Friday, 15 January 2010

Sweeping in the dust, praying and acting for solidarity with Haiti

WCC, LWF, ACT and YWCA staff gathered to pray. People from Haiti living in Geneva joined us, many of them still waiting for news of their own loved ones, some already having received the worst news of all. The situation on the ground in Haiti for the agencies was outlined by colleagues from ACT before we began our prayers.
A powerful and moving time linking our work with the reason we undertake it. Diakonia - service bears witness to Christ and the God of all compassion.
As we lit candles and even beforehand, tears fell, names were read out ... we sang and we kept silence, and we prayed ...
You can find our prayers here. I've posted the full text of my sermon below rather than to the docs section.

Sermon on Luke 15.8-9 - following the earthquake in Haiti
Preached in the Ecumenical Centre Geneva, Friday January 15th 2010 at Midday.

Understanding disaster is impossible
God may just about manage such understanding but for we human beings even attempting to understand leads us to be caught in a strange place between rage, distress and grief, a place where there are few words, a lot of doubt and an emptiness of feeling, a lostness.
There is no easy way through these powerful feelings.

As we face the disaster of the earthquake in Haiti, as we ask "why oh Lord?" our lamentations and questions have as much to do with the pre-existing abject poverty of so many of the people of Haiti as they have to do with the reasons for natural disaster. Haiti was in need of an earthquake of justice and mercy. Not this. The poorest are always disproportionately affected by natural disasters. So much precious, beautiful human life and intelligence lost in the dust and rubble - so much risk of disease as the living receive basic treatment outdoors next to the dead. So much to do … so much chaos…
And just how long do we continue to hope for news of our family and loved ones, our colleagues, our fellow aid workers? Even as we give thanks that some of our precious colleagues have been found in the hotel rubble, we know also of tragic news.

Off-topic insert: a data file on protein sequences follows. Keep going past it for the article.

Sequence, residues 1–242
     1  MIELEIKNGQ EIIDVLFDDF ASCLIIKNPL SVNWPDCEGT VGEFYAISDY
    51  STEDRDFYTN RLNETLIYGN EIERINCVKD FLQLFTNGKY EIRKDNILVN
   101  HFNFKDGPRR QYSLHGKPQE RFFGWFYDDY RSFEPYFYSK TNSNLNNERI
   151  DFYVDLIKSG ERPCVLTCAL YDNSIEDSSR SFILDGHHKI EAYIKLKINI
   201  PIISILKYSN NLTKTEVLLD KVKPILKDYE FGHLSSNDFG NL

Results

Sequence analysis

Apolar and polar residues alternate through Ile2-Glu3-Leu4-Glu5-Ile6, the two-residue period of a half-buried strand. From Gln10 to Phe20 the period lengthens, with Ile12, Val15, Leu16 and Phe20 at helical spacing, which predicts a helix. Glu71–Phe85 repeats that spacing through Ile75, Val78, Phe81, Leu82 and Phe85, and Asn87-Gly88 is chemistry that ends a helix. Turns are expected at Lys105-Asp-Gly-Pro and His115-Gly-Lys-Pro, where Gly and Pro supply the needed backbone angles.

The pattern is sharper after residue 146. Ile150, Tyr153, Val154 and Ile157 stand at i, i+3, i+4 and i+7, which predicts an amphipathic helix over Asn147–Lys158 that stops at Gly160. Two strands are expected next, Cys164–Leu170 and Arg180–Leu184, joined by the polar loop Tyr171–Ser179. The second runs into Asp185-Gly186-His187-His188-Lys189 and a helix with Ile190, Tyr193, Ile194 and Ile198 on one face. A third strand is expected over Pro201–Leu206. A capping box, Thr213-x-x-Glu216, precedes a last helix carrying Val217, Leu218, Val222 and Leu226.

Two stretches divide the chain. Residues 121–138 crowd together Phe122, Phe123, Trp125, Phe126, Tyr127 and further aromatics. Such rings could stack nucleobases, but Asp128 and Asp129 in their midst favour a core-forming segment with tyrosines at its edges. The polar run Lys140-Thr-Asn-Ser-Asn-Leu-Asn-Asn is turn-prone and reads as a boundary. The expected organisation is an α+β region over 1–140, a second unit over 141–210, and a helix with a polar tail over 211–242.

How many 100s, 1000s, 10,000s 100,000s?
Each precious and loved by someone and by God.

Understanding disaster is impossible
Yet God does just about manage such understanding.
And God’s understanding begins with a broom and a lamp.
Jesus offers us a powerful image in Luke's gospel of God bringing light and sweeping in the dust, searching and searching until that which is lost is found. It is a beautiful picture, a feminine picture, speaking of the compassion and effort of a loving God for those who are lost in whatever way - those of us lost in fear and grief for news of loved ones; those lost in the dust of resignation, rage or distress; those lost in real dust and rubble; those lost in a nearly destroyed civil society.
This parable of grace can speak to all of us faced with lostness, it speaks of a God taking very practical action - a broom, a light, some hard work - to restore and redeem that which is lost. Very ordinary and necessary practical work, work often done by the least valued in our societies migrant workers, women - even in this house. God's hands get dirty in this painstaking work. This dusty work speaks to us as we seek to support and mobilise the practical action and commitment of our churches and their aid agencies in Haiti. It speaks also of the work that lies in the years ahead to rebuild Haiti in so many ways.

Understanding disaster is impossible
Yet God calls us to take up broom and lamp and bear witness to the love and compassion of Christ in all situations.
In a world facing so many disasters, both natural and human in origin, let us pray that God will continue to come in grace with lamp and broom to redeem our lostness and grief, and search out the lost coin of global and local solidarity.